But what about n-6 fatty acids? The abstract tells us that n-6 PUFAs stimulate angiogenesis. Does that make n-6 one of the bad guys? That’s what I thought, at first. But no, we need both these fatty acids in order to be healthy, so eliminating n-6s from our diet would be a very VERY bad move.
What we lack is BALANCE between the two omegas. Read this: In terms of the consequences for human health, it has been shown that Japanese who migrated to the United States and acquired the local dietary habits leading to an increase in the dietary n-6/n-3 PUFA ratio of 16:1 resulted in health problems in the migrants similar to those that already existed in the local population. Sixteen to one! That’s astounding. Even more astounding: the ideal balance should be 1:1, at the most 4:1. But the average North American diet, and probably European by now, ranges from 11:1 to 30:1. Yikes!
According to Andrew Weil, M.D., This dietary imbalance may explain the rise of such diseases as asthma, coronary heart disease, many forms of cancer, autoimmunity and neurodegenerative diseases, all of which are believed to stem from inflammation in the body. The imbalance between omega-3 and omega-6 fatty acids may also contribute to obesity, depression, dyslexia, hyperactivity and even a tendency toward violence.(see: http://tinyurl.com/4s32fc; see also: http://tinyurl.com/565h8n).
Now, what happens when we ingest n-3s and n-6s? They get converted by so-called PUFA bioconversion enzymes. Otherwise, these fatty acids would not be of any use to us at all. The researchers state that their findings suggest that n-6 and n-3 PUFAs compete for enzymes involved in PUFA biotransformation. It is widely believed that PUFA bioconversion enzymes have a greater affinity for n-3 PUFAs so that their biotransformation is favored when the dietary n-3 PUFA intake is high. This simply means that the two omegas compete for the attention of these bioconversion enzymes, and n-3s happen to be the winners.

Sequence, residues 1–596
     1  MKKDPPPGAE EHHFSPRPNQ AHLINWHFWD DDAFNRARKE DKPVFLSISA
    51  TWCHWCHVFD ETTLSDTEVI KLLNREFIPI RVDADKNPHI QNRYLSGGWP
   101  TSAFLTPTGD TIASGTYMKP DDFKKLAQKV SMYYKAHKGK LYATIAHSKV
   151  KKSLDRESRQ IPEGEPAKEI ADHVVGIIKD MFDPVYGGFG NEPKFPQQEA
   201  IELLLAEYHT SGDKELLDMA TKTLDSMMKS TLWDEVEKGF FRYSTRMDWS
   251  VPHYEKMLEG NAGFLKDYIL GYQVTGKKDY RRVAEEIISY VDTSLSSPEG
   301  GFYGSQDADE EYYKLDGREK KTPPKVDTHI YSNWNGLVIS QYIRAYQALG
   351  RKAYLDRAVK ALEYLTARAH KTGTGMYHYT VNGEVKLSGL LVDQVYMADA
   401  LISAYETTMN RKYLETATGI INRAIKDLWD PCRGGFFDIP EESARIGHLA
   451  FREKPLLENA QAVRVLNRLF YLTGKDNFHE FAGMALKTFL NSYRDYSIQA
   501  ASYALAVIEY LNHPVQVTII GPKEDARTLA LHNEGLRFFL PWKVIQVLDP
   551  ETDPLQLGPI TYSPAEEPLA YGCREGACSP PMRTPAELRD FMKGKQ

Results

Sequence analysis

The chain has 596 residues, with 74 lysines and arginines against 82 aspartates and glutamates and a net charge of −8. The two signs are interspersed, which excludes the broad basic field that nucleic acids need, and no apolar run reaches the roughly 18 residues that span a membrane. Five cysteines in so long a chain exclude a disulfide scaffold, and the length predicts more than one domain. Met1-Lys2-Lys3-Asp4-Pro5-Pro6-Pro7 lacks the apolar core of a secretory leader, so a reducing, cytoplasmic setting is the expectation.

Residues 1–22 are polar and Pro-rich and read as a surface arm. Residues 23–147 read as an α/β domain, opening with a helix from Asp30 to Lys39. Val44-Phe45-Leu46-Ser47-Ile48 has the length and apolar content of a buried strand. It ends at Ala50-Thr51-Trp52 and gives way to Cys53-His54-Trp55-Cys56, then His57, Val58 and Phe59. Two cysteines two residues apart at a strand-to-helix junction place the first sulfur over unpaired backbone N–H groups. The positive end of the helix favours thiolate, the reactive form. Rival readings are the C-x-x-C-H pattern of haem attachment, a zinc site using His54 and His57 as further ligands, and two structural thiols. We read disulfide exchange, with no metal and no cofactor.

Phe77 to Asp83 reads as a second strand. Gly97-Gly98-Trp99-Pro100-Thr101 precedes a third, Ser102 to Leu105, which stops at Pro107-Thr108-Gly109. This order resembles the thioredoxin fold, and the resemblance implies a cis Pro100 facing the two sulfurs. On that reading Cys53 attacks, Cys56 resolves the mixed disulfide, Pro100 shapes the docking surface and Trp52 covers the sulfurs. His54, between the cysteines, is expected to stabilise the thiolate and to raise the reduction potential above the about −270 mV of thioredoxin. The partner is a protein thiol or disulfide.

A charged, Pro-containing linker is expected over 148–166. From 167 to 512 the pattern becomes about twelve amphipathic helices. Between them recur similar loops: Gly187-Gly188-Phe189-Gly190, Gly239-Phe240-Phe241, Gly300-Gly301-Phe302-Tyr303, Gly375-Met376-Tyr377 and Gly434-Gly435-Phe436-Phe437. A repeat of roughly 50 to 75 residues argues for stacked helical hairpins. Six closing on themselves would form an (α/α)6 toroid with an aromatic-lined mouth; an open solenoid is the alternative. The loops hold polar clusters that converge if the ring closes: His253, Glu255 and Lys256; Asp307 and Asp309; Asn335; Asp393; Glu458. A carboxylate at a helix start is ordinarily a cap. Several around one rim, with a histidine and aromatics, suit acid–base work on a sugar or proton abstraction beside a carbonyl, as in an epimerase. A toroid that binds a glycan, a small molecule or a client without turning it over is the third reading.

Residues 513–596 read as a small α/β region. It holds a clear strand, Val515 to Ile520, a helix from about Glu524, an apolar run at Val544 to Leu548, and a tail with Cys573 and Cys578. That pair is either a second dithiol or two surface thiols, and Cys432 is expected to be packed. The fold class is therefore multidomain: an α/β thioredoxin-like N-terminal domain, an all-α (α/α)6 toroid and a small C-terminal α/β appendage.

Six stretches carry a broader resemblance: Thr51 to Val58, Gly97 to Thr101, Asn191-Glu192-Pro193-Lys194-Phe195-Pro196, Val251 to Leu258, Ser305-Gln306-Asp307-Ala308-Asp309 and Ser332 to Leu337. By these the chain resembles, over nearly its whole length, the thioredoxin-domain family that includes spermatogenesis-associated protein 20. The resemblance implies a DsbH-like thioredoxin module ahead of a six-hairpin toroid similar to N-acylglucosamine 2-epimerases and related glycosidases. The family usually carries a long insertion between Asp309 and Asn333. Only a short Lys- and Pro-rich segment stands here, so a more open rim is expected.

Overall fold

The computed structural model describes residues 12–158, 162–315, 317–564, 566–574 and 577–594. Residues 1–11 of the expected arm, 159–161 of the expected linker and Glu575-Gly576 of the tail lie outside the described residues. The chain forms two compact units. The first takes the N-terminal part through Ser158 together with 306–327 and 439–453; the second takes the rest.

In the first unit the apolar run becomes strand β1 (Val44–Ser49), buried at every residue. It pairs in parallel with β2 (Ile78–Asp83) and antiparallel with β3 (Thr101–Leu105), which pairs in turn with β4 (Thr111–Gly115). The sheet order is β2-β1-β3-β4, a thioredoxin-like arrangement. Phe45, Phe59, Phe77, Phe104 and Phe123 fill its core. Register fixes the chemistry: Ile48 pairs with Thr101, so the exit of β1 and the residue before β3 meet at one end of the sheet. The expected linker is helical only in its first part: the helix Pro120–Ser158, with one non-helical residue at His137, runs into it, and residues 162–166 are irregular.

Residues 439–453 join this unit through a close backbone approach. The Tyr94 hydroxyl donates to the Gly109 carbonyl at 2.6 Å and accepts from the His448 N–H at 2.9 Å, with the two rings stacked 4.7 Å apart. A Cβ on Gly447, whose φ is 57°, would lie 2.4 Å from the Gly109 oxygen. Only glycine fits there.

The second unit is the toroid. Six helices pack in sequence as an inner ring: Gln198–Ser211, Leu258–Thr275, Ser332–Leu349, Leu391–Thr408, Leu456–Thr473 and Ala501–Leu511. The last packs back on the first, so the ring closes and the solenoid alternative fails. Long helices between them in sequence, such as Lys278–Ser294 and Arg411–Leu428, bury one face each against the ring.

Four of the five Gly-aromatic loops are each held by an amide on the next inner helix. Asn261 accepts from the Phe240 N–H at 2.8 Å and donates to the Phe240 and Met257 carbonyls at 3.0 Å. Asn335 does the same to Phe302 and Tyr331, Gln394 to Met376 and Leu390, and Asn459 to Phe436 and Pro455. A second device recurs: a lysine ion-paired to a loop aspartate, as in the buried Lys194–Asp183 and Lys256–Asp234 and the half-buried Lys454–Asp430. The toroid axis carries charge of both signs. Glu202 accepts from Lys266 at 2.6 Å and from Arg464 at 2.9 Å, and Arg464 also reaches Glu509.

At any rate, our bodies are not able to produce these fatty acids from scratch, and in fact that is why they are called "essential" (essential for health, but cannot be made inside the body), so we need to get them from our food.
Dietary sources of n-3s: mainly cold water fish such as salmon, herring, anchovies, but be careful about the potential presence of heavy metals, PCBs and dioxin (!); also, but to a lesser degree, flax, pumpkin seeds, walnuts, pecans, butternuts, nut oils, as well as the seeds of: chia sage, kiwi, lingonberry, black raspberry. For more info: http://en.wikipedia.org/wiki/Omega_3. By the way, today I learned that mercury does not get stored in fish oil (only in the tissue). How about that? I also learned that some manufacturers are able to purify fish oil via molecular distillation, which increases the cost, but who wants to be swallowing dioxin or pesticides, after all? I would rather pay more for a high quality product. So, do your research, watch what you buy, and don’t go for el cheapo.
Dietary sources of n-6s: poultry, eggs, cereals, whole-grain breads, baked goods, most plant-based cooking oils (sunflower, corn etc.), nuts, borage oil. See also: http://en.wikipedia.org/wiki/Omega_6